29. While Merck's PRN test was modeled after the neutralizing test generally accepted in the industry, it diverged from this "gold standard" test in a significant way. It did not test the vaccine for its ability to protect against a wild-type mumps virus. A wild-type virus is a disease-causing virus, a strain of the virus as it exists in nature and would confront a person in the real world. That is the type of real-life virus against which vaccines are generally tested. Instead, Merck tested the children's blood for its capacity to neutralize the attenuated Jeryl Lynn virus. This was the same mumps strain with which the children were vaccinated. The use of the attenuated Jeryl Lynn strain, as opposed to a virulent wild-type strain, subverted the fundamental purpose of the PRN test which was to measure the vaccine's ability to provide protection against a disease-causing mumps virus that a child would actually face in real life. The end result of this deviation from the accepted PRN gold standard test was that Merck's test overstated teh vaccine's effectiveness.

30. Even with a deviation that could only overstate how well the vaccine worked, the results from Merck's preliminary testing (which involved testing blood samples of approximately 60-100 children) yielded serconversion rates significantly below the desired 95 percent threshold. Krah admitted as much to Relator Krahling. He also admitted that the efficacy of Merck's vaccine had declined over time, explaining that the constant passaging of virus to make more vaccine for distribution had degrated the product and that because of this, mumps outbreaks would increase over time.

31. Krah further admitted to Krahling that he and Yagodich tried numerous other, often undocumented, techniques to modify the PRN test in order to improve the seroconversion results they could measure, including trying different virus dilutions, different staining procedures and even counting plaques more liberally. These other techniques -- like using the vaccine strain rather than the wild-type strain of the virus -- subverted the purpose of the PRN test. In the end, however, none of it mattered. Merck had to abandon its methodology because no matter how Krah and Yagodich manipulated the procedures, they could not reach the 95 percent seroconversion threshold.

32. So, Merck abandoned the PRN methodolgy that yielded unsatisfactory results and worked towards developing a new, rigged methodology that would allow Merck to report is desired seroconversion results.

B. Merck's Improper Use of Animal Antibodies In Its "Enhanced" PRN Test

33. The new methodology Merck devised and ultimately used to perform the mumps efficacy testing under Protocol 007 was an Enhanced Mumps Plaque Reduction Neutralization Assay. It was again led by Krah and approved by Shaw and commenced in 2000. Relators Krahling and Wlochowski participated on the team that conducted the testing using this supposedly enhanced methodology. Each of them witnessed firsthand the falsification of the test data in which Merck engaged to reach its 95 percent seroconversion threshold. In fact, each was significantly pressured by Krah and other senior Merck personnel to participate in this fraud.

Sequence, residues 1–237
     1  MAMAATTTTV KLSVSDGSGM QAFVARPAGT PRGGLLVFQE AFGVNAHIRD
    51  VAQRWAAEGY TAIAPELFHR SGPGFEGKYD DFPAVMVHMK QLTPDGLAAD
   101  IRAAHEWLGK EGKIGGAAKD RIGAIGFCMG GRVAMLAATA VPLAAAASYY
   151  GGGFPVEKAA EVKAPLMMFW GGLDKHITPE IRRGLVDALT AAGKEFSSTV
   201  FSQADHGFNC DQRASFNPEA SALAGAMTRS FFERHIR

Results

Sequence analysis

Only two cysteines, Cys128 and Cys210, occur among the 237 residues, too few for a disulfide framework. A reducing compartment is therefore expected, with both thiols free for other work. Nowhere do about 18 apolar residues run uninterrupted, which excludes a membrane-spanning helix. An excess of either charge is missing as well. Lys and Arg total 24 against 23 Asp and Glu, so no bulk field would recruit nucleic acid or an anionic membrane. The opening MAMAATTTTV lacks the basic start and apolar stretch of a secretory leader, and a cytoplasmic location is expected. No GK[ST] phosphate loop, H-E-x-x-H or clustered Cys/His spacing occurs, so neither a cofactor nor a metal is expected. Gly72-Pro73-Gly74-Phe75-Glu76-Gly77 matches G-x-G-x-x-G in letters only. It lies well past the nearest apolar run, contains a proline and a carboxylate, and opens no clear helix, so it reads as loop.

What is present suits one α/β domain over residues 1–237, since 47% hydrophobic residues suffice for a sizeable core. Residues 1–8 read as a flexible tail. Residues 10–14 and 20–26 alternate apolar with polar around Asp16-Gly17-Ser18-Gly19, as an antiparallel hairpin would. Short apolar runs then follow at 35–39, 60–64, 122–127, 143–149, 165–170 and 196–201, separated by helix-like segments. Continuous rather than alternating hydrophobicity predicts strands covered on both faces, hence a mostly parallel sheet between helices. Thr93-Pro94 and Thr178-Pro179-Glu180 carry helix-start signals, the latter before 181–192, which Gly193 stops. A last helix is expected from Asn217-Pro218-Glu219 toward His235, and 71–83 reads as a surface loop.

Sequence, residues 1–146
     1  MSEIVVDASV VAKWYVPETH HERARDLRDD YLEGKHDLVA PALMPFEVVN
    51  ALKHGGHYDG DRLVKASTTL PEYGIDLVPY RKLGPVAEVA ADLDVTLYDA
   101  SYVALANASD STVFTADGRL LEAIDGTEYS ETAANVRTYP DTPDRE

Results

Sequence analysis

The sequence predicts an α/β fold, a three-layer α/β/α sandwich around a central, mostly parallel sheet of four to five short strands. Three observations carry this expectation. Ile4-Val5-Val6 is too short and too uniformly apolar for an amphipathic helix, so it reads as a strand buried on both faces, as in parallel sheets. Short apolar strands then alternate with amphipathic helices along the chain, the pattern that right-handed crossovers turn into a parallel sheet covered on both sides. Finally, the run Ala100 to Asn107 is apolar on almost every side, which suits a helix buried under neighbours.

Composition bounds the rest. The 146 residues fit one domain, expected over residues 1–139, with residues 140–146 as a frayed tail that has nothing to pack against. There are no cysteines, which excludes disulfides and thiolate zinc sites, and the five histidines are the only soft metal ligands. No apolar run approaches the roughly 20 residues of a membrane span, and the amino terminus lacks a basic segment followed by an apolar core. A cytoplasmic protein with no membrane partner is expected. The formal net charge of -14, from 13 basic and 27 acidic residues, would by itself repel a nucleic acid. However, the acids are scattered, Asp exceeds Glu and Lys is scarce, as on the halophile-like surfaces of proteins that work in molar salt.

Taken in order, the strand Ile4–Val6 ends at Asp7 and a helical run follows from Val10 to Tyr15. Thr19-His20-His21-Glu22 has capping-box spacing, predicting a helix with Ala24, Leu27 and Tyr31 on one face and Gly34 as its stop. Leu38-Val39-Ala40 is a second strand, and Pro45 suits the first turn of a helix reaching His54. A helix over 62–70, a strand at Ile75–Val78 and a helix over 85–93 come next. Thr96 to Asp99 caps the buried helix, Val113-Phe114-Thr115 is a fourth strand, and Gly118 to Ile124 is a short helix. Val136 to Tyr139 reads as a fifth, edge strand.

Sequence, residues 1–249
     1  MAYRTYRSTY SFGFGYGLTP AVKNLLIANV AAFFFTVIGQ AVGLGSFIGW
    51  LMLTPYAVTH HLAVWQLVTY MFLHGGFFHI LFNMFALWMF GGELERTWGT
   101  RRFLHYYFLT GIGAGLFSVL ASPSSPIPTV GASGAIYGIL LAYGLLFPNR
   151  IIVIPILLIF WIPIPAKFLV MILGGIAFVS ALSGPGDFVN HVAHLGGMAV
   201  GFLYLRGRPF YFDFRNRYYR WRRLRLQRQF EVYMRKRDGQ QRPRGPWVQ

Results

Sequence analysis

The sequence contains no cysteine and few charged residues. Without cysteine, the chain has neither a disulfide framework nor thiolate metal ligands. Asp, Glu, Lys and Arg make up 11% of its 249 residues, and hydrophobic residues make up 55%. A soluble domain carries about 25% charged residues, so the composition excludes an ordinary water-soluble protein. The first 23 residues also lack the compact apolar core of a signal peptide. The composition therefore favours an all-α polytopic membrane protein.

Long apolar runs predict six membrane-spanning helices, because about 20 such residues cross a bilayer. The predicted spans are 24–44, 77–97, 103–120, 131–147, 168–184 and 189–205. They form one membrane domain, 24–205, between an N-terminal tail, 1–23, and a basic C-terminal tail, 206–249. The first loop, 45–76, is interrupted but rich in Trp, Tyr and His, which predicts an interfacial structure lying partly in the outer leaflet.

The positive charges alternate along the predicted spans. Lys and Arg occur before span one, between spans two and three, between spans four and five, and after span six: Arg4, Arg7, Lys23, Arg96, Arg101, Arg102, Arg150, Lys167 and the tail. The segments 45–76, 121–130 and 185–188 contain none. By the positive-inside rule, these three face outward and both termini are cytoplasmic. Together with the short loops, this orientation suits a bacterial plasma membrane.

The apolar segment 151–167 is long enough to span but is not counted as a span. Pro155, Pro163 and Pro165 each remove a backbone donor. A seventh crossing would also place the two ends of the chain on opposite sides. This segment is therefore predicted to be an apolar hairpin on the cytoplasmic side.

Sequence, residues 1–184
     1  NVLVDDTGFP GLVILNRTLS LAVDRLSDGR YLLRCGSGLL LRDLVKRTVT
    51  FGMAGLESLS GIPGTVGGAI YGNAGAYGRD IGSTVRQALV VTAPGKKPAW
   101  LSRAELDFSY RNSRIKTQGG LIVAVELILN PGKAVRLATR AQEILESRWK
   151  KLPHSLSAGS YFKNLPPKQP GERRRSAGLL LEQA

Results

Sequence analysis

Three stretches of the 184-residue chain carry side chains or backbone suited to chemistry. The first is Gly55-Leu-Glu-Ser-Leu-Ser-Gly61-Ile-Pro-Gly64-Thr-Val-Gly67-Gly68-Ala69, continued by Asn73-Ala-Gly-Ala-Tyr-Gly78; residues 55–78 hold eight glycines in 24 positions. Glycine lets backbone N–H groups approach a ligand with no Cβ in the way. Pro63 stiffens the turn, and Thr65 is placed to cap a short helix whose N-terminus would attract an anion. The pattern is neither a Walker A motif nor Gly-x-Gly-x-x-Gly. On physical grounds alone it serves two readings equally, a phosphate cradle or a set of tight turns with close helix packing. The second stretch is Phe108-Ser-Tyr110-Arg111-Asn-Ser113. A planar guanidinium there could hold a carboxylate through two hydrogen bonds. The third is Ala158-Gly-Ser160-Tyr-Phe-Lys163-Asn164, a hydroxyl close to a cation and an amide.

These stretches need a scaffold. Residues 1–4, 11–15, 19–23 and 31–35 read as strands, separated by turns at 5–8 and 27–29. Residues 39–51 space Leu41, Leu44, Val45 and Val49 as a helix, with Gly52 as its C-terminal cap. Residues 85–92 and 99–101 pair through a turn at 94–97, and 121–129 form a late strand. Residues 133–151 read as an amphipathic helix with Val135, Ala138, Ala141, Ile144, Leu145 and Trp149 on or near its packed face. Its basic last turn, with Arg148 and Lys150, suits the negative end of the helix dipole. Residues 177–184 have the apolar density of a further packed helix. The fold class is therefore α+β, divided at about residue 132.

34. From the outset, Merck's objective with this "enhanced" procedure was clear. It was not to measure the actual seroconversion rate of Merck's mumps vaccine. It was to come up with a methodology that would yield a minumum 95 percent seroconversion rate regardless of the vaccine's true efficacy. The very first page of an October 2000 Merck presentation on the "enhanced" methodology stated just that:

Objective: Identify a mumps neutralization assay format ... that permits measurement of a ≥95% seroconversion rate in MMR®II vaccines.

Notably, nowhere in this presentation did Merck provide any kind of justification or explanation for abandoning its original PRN methodology and the unsatisfactory seroconversion results it yielded.

35. To reach the stated objective for its "enhanced" test and increase the measured seroconversion rate to the predetermined 95 percent threshold, Merck continued to use its scientifically flawed PRN methodology -- that tested against the vaccine strain rather than the wild-type strain -- but with one additional material change. Merck added animal antibodies to both the pre and post-vaccination blood samples. The use of animal antibodies in laboratory testing is not uncommon. They can serve as a highlighter of sorts to identify and count human antibodies that otherwise might not be identifiable on their own. When used in that way, animal antibodies make it easier to see the human antibodies. They do not alter what is being measured. However, Merck added animal antibodies for the singular purpose of altering the outcome of the test by boosting the amount of virus neutralization counted in the lab.